The Times has a great editorial out today notes that if southern Afghanistan and the whole country in general are going to rise from the ashes of the Taliban then the NATO forces have got to be able to do what they've been sent their for which is securing the countryside. I'd have to say if the military commanders in NATO read and hewn to the following recommendations by the editors, Afghanistan will rise much like the mythical phoenix:
Bridges can be built under fire, but tend not to last. It may be true that the battle for hearts and minds, another phrase politicians love, can be won only if people see clear improvements in their lives. But in southern Afghanistan those same people urgently need to be convinced that Nato can get al-Qaeda and the Taleban off their backs.Now while I have some qualms about some of their arguments with regards on how to deal opium production , I have to agree that sometimes such realism is a must for forces who serve in such a inhospitable place like southern Afghanistan. So here's hoping that the NATO forces achieve their objectives for their own sake or the Afghan people.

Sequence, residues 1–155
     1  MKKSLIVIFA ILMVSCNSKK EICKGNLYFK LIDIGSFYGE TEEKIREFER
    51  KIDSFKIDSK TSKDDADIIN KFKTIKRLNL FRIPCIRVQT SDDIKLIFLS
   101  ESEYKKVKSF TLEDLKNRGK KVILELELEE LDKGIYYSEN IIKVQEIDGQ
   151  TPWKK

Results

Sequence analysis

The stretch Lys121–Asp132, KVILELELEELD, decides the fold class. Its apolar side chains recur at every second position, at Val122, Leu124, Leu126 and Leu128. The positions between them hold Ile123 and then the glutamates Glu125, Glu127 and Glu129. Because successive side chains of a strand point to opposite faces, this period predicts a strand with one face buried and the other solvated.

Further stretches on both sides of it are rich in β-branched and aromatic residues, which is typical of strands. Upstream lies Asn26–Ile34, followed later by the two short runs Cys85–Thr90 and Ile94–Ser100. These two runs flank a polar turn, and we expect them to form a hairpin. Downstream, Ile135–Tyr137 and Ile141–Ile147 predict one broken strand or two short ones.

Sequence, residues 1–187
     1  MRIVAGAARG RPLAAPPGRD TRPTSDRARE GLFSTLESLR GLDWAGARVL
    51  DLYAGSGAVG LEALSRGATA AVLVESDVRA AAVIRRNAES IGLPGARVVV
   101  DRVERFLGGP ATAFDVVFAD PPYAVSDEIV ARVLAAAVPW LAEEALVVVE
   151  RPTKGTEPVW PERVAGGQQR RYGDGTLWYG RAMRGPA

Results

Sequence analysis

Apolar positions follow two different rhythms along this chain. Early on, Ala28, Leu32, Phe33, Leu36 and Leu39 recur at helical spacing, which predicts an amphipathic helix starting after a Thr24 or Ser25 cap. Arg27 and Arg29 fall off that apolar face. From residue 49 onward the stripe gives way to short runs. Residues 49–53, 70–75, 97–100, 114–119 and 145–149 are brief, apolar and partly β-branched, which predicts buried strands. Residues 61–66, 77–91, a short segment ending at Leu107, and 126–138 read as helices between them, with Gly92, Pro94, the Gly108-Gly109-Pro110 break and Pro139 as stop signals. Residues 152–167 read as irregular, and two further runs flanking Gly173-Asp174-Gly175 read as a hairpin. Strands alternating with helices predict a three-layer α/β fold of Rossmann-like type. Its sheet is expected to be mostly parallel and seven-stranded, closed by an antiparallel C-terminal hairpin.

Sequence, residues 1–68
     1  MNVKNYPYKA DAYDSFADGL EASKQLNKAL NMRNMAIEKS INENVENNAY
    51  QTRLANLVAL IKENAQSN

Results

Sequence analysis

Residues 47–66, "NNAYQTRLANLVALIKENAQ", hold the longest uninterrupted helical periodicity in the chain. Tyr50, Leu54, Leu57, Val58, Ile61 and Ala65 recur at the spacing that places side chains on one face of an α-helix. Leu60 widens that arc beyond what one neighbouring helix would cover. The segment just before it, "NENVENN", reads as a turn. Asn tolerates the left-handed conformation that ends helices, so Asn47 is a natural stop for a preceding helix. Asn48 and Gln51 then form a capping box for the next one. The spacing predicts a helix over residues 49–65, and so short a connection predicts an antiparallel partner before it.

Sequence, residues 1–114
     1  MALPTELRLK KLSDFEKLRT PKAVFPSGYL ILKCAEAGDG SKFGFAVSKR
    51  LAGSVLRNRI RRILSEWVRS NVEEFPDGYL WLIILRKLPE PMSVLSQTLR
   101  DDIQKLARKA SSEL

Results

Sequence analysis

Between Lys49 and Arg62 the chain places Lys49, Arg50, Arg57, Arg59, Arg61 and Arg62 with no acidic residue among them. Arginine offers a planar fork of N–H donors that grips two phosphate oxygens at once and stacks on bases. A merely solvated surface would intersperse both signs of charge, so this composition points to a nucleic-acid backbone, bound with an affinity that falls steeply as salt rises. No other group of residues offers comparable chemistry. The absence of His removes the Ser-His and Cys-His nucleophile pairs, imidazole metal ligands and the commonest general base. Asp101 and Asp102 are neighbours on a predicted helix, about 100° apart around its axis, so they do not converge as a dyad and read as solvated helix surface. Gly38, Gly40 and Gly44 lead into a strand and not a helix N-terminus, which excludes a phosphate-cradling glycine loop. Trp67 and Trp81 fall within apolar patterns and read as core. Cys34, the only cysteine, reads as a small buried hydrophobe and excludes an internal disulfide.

So long as they fear their return, and their vengeance, villagers will hedge their bets. They are the more inclined to do so because Kabul is little trusted in the largely Pashtun south — and distrust has been compounded by corruption, incompetence and irresolution among local officials appointed by the Government of Hamid Karzai.
Nato's aim is rapidly to create and then expand secure zones in each of the six provinces, which it hopes will become magnets of opportunity and relative prosperity. This "new Afghanistan" strategy will work only if President Karzai can forcefully be persuaded that competent civil administration is imperative, and that he must curb his dangerous propensity to cut deals with local strongmen and militias.
Nato has a hard enough fight on its hands without also arousing hatred by immediately eradicating opium poppies which are close to being Helmand's sole source of income. Nato would be wise to be imaginative in a battle that cannot be won without a better strategy, one that may need to include licensed poppy cultivation for pharmaceutical purposes. Nato's job in Afghanistan is to create the conditions for peace. Without military and politics realism, however, the notion of stability here will be a fantasy.